My name is James Bolland and I am an aspiring family physician and graduate of the St. Matthews University School of Medicine (SMU). Prior to my acceptance at SMU, I was a practicing pharmacist in the UK. Currently I am a family medicine resident physician at University of Pittsburgh Medical Centre (UPMC).
My time at SMU was a worldwide journey; studying two years of basic sciences on the island of Grand Cayman, then completing my clinical rotations in the USA as well as the UK. When I told my family and friends that I was going to study in the Caribbean, the most common response I received was to tell me how jealous they were that I would spend the next few years relaxing in a tropical paradise. While I maintain that medical school was not at all relaxing, I cannot deny thatCayman was a beautiful place to study; safe and warm all year round.
My time in Cayman allowed me to learn a lot about myself and others. Experiencing what its like to be a guest in another's country and adjusting to life in a different culture, I feel, made me into a more well-rounded individual, and a more open-minded doctor, with a fascinating story to tell.
When you get to Cayman, you form bonds with your peers, whom ultimately become the foundation of a solid support network. The strong friendship that my friends and I created on the island is one of the reasons I persevered to be in the position I am today. Students are encouraged to help each other academically, as evidenced by the tutoring program taught by students for students, student-run workshops, and the anatomy/histology/pathology TA program. Additionally, every incoming student in the school is assigned a faculty advisor, a professor who they can each keep in contact with and go to for advice.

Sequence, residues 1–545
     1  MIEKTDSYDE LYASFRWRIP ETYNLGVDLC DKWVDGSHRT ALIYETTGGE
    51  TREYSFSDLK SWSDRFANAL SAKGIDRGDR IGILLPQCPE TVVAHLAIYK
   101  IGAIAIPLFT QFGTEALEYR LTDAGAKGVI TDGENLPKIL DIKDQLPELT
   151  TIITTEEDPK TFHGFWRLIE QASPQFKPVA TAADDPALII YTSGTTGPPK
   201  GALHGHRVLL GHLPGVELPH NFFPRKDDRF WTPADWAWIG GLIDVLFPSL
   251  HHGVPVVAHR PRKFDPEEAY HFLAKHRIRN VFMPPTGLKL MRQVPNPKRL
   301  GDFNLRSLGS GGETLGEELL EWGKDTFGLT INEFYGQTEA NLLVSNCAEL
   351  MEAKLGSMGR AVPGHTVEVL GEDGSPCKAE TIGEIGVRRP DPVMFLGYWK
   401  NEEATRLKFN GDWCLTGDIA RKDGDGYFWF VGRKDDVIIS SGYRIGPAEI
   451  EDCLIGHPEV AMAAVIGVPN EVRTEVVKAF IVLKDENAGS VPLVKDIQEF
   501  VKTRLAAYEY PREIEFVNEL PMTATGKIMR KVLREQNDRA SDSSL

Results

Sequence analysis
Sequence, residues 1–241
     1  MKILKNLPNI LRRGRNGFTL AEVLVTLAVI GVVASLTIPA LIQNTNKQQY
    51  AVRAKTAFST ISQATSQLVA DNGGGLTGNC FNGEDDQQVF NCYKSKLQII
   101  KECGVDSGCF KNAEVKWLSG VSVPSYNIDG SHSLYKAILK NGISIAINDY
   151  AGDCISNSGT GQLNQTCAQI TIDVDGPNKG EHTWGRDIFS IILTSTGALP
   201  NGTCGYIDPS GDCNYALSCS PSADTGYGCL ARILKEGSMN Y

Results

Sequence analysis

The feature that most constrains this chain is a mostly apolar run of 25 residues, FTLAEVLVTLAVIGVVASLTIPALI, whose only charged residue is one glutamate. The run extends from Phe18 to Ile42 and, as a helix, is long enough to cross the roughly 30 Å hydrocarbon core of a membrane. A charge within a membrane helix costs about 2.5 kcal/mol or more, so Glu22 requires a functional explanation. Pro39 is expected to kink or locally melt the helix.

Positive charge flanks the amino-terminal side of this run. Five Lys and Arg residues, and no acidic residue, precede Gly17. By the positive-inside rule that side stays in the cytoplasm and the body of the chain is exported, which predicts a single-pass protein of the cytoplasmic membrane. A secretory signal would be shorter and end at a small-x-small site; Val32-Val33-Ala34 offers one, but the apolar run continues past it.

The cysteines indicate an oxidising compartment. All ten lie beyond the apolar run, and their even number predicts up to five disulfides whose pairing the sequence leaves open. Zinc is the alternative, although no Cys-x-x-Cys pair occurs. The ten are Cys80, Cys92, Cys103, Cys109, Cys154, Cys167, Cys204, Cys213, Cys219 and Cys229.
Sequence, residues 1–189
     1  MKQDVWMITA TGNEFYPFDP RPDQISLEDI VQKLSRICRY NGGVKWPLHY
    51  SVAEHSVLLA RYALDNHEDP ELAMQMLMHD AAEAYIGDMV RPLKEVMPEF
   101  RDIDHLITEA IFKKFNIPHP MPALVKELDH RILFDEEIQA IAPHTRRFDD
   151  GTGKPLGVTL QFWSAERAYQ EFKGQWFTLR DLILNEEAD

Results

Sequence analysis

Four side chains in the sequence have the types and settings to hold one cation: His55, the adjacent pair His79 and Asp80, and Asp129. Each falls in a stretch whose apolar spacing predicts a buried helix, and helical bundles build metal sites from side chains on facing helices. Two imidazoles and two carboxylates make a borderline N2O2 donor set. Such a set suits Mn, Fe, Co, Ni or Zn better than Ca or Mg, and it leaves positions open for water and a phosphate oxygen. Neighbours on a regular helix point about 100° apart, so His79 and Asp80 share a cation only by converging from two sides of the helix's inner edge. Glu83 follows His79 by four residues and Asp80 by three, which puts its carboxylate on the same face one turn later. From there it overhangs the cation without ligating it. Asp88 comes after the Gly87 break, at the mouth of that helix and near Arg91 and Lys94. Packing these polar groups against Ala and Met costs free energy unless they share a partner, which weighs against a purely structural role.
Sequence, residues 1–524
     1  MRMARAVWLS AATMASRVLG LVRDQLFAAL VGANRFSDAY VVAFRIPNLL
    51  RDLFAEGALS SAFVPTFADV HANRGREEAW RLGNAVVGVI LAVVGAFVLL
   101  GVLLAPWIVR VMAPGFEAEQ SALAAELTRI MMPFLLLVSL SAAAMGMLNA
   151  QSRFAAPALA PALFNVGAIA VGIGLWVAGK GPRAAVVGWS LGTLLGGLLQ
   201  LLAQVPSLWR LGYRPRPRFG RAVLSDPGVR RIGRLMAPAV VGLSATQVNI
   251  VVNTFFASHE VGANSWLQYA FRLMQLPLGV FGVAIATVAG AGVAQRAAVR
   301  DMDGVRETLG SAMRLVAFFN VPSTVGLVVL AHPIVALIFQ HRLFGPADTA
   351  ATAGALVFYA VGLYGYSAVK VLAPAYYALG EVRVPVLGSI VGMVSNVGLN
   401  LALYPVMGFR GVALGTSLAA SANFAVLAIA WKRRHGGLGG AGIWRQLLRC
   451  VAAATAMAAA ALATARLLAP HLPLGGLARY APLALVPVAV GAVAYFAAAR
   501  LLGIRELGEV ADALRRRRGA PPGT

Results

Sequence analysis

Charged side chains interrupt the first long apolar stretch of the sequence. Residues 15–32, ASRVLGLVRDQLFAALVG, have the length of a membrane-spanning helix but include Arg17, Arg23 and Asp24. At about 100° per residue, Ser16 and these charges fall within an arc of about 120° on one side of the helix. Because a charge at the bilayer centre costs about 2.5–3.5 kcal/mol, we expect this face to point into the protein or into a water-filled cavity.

There were many educational advantages to going to SMU. Small class sizes made for a more intimate learning environment, with most faculty knowing their students on a first name basis. This also allowed faculty to more effectively assess individual students' strengths and weaknesses both in clinical knowledge and skill.
Students are given the opportunity to practice their clinical examination skills from an early start. There is one large examination room within the campus, fully equipped with examination tables, sinks, otoscopes, ophthalmoscopes, blood pressure cuffs, and other medical instruments. The skills imparted to me during my time in Cayman served to prepare me well for my clinical years.
SMU students all sit comprehensive exams at the end of the semester, created by the National Board of Medical Examiners (NBME), the same organization that sponsors the USMLE. These exams are taken by students at US medical schools and scored nationally, and are excellent waysto gauge your academic progresson a national level. I highly recommend to all students to take full advantage of the NBME exams, because they are a great indicator of how you will perform in the USMLE examinations.
I'm very grateful that St. Matthew’s gave me the chance to pursue my dream in becoming a physician. If medicine is your dream, let go of your fears because St. Matthew’s will prepare you well. Your dreams will be fulfilled.